Nevertheless with 0-60mph times in the area of 7-8 seconds, these are very capable 911s that have flexible, torquey engines and are easy to drive. The Anniversary model does have special cachet, but for most a top condition mainstream 911 or 911S will be less hassle.

There are two models that stand out for enthusiasts: the '74-'75 Carrera and the '76-'77 Carrera 3, but both have accelerated away from the mainstream models significantly in value terms. These 911s marked the first (and at the time controversial) use of the race-bred 'Carrera' title to full production models.

Today, both have strong followings and appear assured in terms of future appreciation. It is important to say that Carrera 2.7 values tend to run on the 'coat-tails' of the 1972-3 2.4-litre 911S rather than the Carrera RS.

The Carrera 3 is a trailblazer for Porsche's mid-1970s drive towards the 911 being a world market car. It has the robust Type 930 engine first seen in the Turbo, including the excellent K-Jetronic fuel injection. We also see a trend towards a more comfortable interior and better options that makes it a classic driver for touring.

What are the running costs?

The 2.7-litre 911s with the K-Jetronic fuel injection are relatively simple in terms of technology and the mechanics are generally robust. It will be corrosion (see next section) and wear and tear that inflate most maintenance bills.

Virtually any UK-based 1970s 911 will have needed fairly extensive restoration by now. The problem comes in gauging the extent of that restoration. Bodywork patched over with filler and given new paint will invariably need further work in 5-7 years as the old rust eats its way out again. But with full 'nut and bolt' restorations likely to cost over £40K, it isn't difficult to see why values are so spread out. Condition is everything when it comes to a 40-plus year old 911.

Consequently, it is very difficult to suggest running costs. If you buy a 'made as new' restoration, you can expect routine running costs for regular oil and fluid changes. A project car will demand regular, sometimes extensive, work.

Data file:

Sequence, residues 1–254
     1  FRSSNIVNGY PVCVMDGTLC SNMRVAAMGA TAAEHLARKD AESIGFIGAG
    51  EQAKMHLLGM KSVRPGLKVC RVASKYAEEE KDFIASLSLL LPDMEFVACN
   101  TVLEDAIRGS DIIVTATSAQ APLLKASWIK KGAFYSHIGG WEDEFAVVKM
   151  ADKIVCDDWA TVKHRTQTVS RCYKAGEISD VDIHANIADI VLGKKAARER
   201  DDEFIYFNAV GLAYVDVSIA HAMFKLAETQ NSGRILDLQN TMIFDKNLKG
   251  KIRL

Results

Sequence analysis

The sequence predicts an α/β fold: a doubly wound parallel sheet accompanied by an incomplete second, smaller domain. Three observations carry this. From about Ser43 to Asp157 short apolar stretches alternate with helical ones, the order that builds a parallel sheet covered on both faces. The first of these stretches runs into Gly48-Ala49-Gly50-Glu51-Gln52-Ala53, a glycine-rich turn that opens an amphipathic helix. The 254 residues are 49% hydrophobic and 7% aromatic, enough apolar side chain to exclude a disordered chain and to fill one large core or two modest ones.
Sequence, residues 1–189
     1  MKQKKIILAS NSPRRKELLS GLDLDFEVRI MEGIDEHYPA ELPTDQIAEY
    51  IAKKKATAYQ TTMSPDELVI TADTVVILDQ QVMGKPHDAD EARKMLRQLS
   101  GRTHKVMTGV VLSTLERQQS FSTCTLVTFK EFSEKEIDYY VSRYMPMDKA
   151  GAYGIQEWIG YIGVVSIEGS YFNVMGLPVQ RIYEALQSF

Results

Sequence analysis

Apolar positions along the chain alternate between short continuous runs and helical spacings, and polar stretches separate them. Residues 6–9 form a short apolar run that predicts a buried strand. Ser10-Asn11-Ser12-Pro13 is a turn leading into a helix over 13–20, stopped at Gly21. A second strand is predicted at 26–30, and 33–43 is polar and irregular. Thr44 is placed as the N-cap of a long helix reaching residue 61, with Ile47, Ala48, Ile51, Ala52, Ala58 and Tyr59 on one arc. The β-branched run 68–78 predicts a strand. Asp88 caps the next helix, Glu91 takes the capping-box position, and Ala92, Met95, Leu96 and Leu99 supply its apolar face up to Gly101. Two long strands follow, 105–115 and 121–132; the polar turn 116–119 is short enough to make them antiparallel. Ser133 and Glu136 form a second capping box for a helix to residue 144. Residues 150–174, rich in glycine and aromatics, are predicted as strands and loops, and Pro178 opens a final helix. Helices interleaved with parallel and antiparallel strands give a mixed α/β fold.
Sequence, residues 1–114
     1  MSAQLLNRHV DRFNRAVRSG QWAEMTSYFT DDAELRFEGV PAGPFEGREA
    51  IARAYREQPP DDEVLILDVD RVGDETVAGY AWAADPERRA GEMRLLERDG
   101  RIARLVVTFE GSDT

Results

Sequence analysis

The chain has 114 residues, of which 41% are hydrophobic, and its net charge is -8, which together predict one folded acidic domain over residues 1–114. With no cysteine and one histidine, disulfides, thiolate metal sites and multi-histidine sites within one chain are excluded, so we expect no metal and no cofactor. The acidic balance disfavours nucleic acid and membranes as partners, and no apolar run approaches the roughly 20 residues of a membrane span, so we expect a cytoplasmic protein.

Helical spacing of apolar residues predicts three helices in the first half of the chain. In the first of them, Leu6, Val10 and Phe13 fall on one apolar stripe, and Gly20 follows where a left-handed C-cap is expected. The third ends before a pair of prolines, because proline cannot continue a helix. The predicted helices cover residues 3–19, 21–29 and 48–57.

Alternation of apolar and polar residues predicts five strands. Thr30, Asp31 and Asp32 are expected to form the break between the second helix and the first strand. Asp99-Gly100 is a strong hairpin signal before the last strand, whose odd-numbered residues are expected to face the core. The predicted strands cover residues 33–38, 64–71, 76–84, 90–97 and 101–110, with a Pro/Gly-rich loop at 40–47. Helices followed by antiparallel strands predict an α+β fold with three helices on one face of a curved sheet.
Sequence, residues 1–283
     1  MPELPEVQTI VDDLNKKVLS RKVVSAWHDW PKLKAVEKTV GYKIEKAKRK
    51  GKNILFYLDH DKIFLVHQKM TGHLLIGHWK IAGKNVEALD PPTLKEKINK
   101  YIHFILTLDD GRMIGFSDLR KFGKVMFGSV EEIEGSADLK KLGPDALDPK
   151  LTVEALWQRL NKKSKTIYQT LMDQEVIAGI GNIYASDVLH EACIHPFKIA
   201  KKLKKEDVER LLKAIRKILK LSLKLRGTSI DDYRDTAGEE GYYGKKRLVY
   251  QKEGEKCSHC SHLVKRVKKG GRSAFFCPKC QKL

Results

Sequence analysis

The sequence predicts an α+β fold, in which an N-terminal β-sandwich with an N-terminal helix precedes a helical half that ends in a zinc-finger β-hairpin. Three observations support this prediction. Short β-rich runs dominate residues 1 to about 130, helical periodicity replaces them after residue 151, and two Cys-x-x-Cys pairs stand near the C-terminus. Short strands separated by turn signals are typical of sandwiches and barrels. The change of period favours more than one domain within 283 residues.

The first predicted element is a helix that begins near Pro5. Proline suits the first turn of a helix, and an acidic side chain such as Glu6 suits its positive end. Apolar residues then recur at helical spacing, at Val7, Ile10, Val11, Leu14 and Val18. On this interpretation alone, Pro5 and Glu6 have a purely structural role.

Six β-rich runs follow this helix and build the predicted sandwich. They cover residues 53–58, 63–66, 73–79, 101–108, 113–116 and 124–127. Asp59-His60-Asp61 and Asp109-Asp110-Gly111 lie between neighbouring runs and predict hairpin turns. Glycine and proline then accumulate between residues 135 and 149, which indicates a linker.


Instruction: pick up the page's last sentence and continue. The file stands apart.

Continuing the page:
Condensation can saturate key fluids on a lightly used or stored car and lead to accelerated corrosion and wear. An engine oil change is likely to cost around £100 (all estimates are ex VAT) and a brake fluid change perhaps £75-100, so this preventative maintenance can be money well spent.

To get the best road holding, tyres should be changed every 5-7 years, but many enthusiasts find this difficult to do when the tyre appears otherwise in good condition. A set of period correct tyres (Michelin or Pirelli) are likely to cost £1K.

Shock absorbers will last around 20-25 years, assuming they haven't already started to leak. A replacement set will cost around £600, plus fitting. Don't forget to factor in the essential wheel alignment afterwards (cost perhaps £300). Replacement discs and pads will cost around £500 each axle.

The 2.7-litre engine was at the limit of its development in the mid-1970s and there were a few issues with worn intermediate gears and failing camshaft chain tensioners. The latter became something of an infamous issue for the 911. The risk factor from the period sealed tensioners can be reduced by using the new design 'oil-fed' tensioners that were fitted to the later Carrera 3.2.

The engine should run at least 125k miles without a cylinder head rebuild (for new valves, guides, etc), but a poor service record can significantly shorten this. A clutch can last 70K to 100K miles, but the rebuild cost can range from £750-£1100. With the engine and gearbox out, be prepared for the 'while we're in there costs', such as fixing a broken cylinder head stud, a worn second gear synchromesh or a noisy gearbox bearing.